Widespread, but are one of the top pests of the western US, particularly the Pacific North West, because they thrive below 75 degrees F.

Signs & Symptoms

  • Trails of slime on leaves and soil or sidewalks.
  • Large, ragged holes in leaves, fruits, and stems, starting at soil and working up. They can consume an entire plant in one evening. On large plants you will notice large, irregular holes in the leaves, or just the midribs will be left. On fruits, they will chew holes into the flesh, like strawberries and tomatoes, that are near the soil.
  • You can spot them feeding 2 hours after sundown to 2 hours before sun up, although they are dormant in the winter, except in temperate areas. They will emerge from dormancy when teh soil thaws in the spring. Go out in the garden on a wet, warm evening with a flashlight to see them in action.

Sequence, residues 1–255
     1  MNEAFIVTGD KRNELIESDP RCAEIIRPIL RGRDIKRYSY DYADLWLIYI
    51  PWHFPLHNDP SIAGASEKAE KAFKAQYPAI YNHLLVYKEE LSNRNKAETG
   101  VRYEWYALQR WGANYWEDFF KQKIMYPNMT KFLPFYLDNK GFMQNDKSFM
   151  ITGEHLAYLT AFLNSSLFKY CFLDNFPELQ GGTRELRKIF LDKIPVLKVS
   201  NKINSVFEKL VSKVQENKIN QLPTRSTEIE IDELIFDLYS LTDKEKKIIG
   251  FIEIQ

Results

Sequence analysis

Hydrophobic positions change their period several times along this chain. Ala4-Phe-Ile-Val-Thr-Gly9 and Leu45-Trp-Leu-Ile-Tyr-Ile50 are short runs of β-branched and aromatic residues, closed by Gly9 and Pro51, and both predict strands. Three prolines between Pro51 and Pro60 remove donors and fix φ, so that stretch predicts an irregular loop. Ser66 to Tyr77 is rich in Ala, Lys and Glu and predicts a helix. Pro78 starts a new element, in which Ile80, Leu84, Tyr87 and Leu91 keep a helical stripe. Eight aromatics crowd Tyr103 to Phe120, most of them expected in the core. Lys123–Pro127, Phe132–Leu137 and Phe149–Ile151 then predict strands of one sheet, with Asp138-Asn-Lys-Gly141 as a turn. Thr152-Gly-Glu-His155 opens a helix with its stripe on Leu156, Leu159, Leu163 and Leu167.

Prevention & Control

A four-pronged approach is recommended with slugs, since no one method will be completely effective:

  1. Change the environment to be less hospitable to the slugs
  2. Provide habitat and attract natural predators of slugs
  3. Handpick frequently
  4. Disperse traps around the problem areas

Environmental Controls:


  • Reduce slug habitat (garden debris, bricks, boards, garden clippings, weeds). Kill egg clusters that you find.
  • Improve habitats for beneficial insects and natural predators by always having an area planted with a cover crop.

Temperature & Humidity:

Wet, warm springs can be very bad. Damage will taper off when summer gets hot and dry, coming back in late fall.


  • Use mulches that irritate slugs: shredded bark, crushed rock, cinders.